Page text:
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Sutter Health, Palo Alto Medical Foundation, Blue Shield and me

Sutter Health, Palo Alto Medical Foundation, Blue Shield and me

Picture of Jondi Gumz

How do you make sense of a decision made by key players outside your coverage area that affects your community like a punch in the gut?

That is what happened when I got an email Monday afternoon containing the 4-page termination letter from Blue Shield for plan members who have doctors at Sutter Health. One of the largest doctor groups in our county, Palo Alto Medical Foundation, is affiliated with Sutter Health, which just finished a beautiful new medical office and is working on an expansion of its specialty maternity and surgery center, and I had been in touch with the PAMF spokesman before Christmas asking for an update of these negotiations with Blue Shield because Blue Shield was the sole plan offered by Covered California in our county with the PAMF doctors in network.

Of course, this would have an impact, but what exactly did it mean? It said termination, yet it mentioned a transition until June 30. Luckily, I had county market share figures for insurers (after having filed a Public Records Act).

Re-reading, I saw "higher out of pocket expense" and then began calling and emailing to people I thought could help interpret all the medical jargon.

Here's what I came up with, working on a 4 p.m. deadline and juggling a deadline story on another of my beats. 

It's an unfolding story where additional information is coming to light daily.


Photo by Robert Couse-Baker via Flickr.

Comments

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Those with PPO plans have a transition period where they can use their PPO plans at PAMF and Sutter. Sutter WILL NOT honor the contracted rates that a contract afforded them. People who use their PPO plans at Sutter or PAMF will be responsible for any expenses they charge in excess to what Blue Shield pays and Sutter charges.

Those with an HMO have a limited time to transition to a new provider. In Santa Cruz County, the physicians at Physicians Medical Group are your option.

For those of us who purchased our Blue Shield plans as individuals or families since 2010, you have an EPO. This is an Exclusive Provider Network and is NOT THE SAME AS A PPO. You have no coverage for out of network services other than an emergency. PAMF and Sutter are now an out of network provider.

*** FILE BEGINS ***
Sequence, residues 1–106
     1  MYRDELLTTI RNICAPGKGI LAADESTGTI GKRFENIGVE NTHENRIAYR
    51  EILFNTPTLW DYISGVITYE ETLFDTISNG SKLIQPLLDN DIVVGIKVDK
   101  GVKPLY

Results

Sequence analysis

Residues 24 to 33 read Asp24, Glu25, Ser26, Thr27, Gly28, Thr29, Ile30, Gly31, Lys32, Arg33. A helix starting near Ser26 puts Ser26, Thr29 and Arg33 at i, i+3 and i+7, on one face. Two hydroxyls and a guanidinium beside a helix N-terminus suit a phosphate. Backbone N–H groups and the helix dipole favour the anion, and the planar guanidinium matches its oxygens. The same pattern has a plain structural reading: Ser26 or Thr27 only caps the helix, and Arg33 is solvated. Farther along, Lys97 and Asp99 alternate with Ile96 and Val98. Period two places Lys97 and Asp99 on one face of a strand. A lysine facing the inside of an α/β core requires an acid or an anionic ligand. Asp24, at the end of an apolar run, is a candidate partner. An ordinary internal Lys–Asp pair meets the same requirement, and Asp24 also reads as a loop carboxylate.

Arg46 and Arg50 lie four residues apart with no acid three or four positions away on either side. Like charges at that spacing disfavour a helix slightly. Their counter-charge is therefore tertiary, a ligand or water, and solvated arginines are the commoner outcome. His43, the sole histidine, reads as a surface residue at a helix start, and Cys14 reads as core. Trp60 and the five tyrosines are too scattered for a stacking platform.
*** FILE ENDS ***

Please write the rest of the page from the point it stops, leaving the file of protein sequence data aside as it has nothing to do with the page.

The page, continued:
Licensed/Certified Independent Agent

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I'm one of the many Blue Shield insureds who is affected by this mess. I chose Blue Shield precisely because it was the only health plan available through CoveredCalifornia that PAMF (part of Sutter) would accept. Now I'm forced either to terminate relationships with my doctors that go back 18 years or find another insurer. I've decided that the easiest thing is to abandon CoveredCalifornia and find an insurer on the individual market that PAMF will accept. I'm sorry to have to do that, because my understanding is that the long-term financial viability of CoveredCalifornia and other state-run exchanges depends upon full-pay customers like me using it to buy their insurance. I don't know whom to be angry at for failing to reach an agreement: PAMF (Sutter) or Blue Shield! (Meanwhile, an independent agent told me that he is referred all Blue Shield insureds who want to stick with PAMF to switch to a HealthnetPPOl) It's hard to imagine how regular people who don't follow health policy as closely as Jondi and I do manage to figure this out for themselves.

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Martha, a "regular" person could not figure this out. If you want to use PAMF/Sutter, you will have to leave Covered CA and go to Health Net PPO or Assurant PPO plans (they use the Aetna Signature PPO network). They are more expensive than the Blue Shield and Anthem plans because they have to pay higher costs to attract the PAMF/Sutter providers amongst others.

"Regular" people should work with local certified agents familiar with the providers in the area to help them navigate the options. They are free to use and can save you from making a large error.

Picture of Martha Shirk

Pamela,  I wrote a blog post about my experience: http://www.reportingonhealth.org/2015/01/15/narrowing-networks-hits-home

I did consult a certified agent to make sure that my replacement insurance (HealthNet PPO) considered PAMF as a preferred provider.

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